Peak Dot Ranch is donating the proceeds of the sale of a Peak Dot heifer (see photo above) to the Saskatchewan Stock Growers Association. Peak Dot Barbara 258S is a purebred heifer that comes from one of the most popular, longest-running cow families at Peak Dot Ranch. She is sired by Peak Dot Volt 950U, bred to our new herd sire Bush Easy Decision and is due to calve April 15, 2015. She will be the first animal in the sale ring at 1 p.m. and will start the Dec. 4, 2014 Peak Dot Ranch Bull Sale in Wood Mountain, Sask.
Canadian Beef Breeds Council sponsored an on-farm tour at Belvin Angus for members of the Industry Government Advisory Committee (IGAC) who are responsible for implementation of multi-species animal traceability in Canada. The evening consisted of a great meal along with a hands-on demonstration of logistics associated with purebred beef cattle traceability. Mabel Hamilton and her family hosted the event.
Alberta Farm Animal Care (AFAC) faced a firestorm of controversy last month when allegations of animal abuse at the Western Hog Exchange facility in Red Deer hit the media. As with any such allegations, due process is important when determining wrongdoing to take appropriate action.
I live in the vicinity of the Western Hog Exchange and saw this reported on the Alberta TV stations, repeatedly. The video showed the bats that hogs were “bludgeoned” with at the facility. I have to say that the bats definitely appear to be of the large plastic toy variety or similar to those. I would imagine that they are used to appear intimidating to the animals both in size and noise created. A person, who works with hogs that have been raised in confinement, can understand how difficult it is to work with, and move these animals. It is unfortunate the videos were taken and used out of context, as well as being sensationalized, but as livestock producers this is something that we will continue to see happen.
As an industry we need to know who we hire, who we let into our operations, and ask ourselves do the employees understand why we do what we do. Twenty seconds of video can discredit a whole industry, so we need to take this seriously and be proactive. Perhaps the answer is legislation that makes it illegal for a person to gain employment on a livestock operation, of any kind, for the purpose of creating video that misrepresents the industry or operation; as well as improving our handling practices.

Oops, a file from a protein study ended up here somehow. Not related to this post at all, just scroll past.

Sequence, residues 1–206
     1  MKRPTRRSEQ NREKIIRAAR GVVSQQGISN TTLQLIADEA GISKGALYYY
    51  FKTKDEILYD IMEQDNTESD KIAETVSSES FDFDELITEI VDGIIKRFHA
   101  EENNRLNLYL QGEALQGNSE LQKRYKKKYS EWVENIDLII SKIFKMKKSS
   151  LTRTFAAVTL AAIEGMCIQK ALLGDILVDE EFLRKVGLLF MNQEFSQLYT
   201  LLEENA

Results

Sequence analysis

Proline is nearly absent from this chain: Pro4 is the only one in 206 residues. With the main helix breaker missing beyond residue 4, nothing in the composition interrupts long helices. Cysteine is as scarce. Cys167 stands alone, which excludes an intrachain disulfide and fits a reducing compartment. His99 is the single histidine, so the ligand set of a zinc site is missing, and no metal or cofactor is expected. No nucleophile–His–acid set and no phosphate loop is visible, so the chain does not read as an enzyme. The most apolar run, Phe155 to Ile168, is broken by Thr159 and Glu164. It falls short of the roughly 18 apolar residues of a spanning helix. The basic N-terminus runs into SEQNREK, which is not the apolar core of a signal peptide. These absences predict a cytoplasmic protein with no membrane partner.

Last winter the Alberta Shorthorn Association decided to donate a $500 and a $250 certificate to a 4-H member in Alberta who showed a Shorthorn or Shorthorn influenced animal over the past 4-H season. All of those members had their name placed in a draw, with the first name drawn receiving the $500 certificate and the second name receiving the $250 certificate, to be used towards the purchase of a Shorthorn or Shorthorn-influenced animal from a member of the Alberta Shorthorn Association.
This year’s winner was Kayla Van De Voorde. She is an eight-year-old Cleaver Kid from the Bashaw 4-H Beef Club who chose to show a Shorthorn “because my Grandpa and Grandma Peterson, and my mom and dad show Shorthorns. I think it’s in the family to show Shorthorns. They’re so quiet. They are easy to train to lead and they don’t like to kick very hard or very much.” Kayla plans to use her $500 certificate to buy a roan steer — or possibly a white one — for her 4-H project. Roan is her favourite colour.
Benjamin Masson was the winner of the $250 certificate, so he will be looking for a Shorthorn animal of his own.
December will mark the beginning of Farm & Food Care Saskatchewan (FFCSK) which grew out of the Farm Animal Council of Saskatchewan (FACS), an organization with a 22-year history advancing animal care in the province. The new Farm & Food Care Saskatchewan will have an expanded mandate to help connect consumers with food and farming in Saskatchewan. It follows a similar pattern followed when the Ontario Farm Animal Care Council evolved into Farm Food Care in 2012.
FFCSK will represent livestock, poultry, crop and horticulture producers, and work with agriculture partners, chefs and associated businesses — all those who are passionate about food and farming in Saskatchewan. Today, there’s greater interest than ever in understanding how food is grown, especially since less than two per cent of Canadians now have a direct link to the farm. The mandate of FFCSK is to help consumers make the connections between the food they eat, and where it comes from and how it ends up on their plates.
Programming will focus on reaching consumers to build public trust in the entire food industry while educating members about best practices, communicating with the public and responding to concerns about animal care and environmental sustainability.
A website and provincial Ag Ambassador’s Speakers Bureau are currently in the works and plans are being made to enhance networking with the culinary industry, on farm tours, and a social media strategy.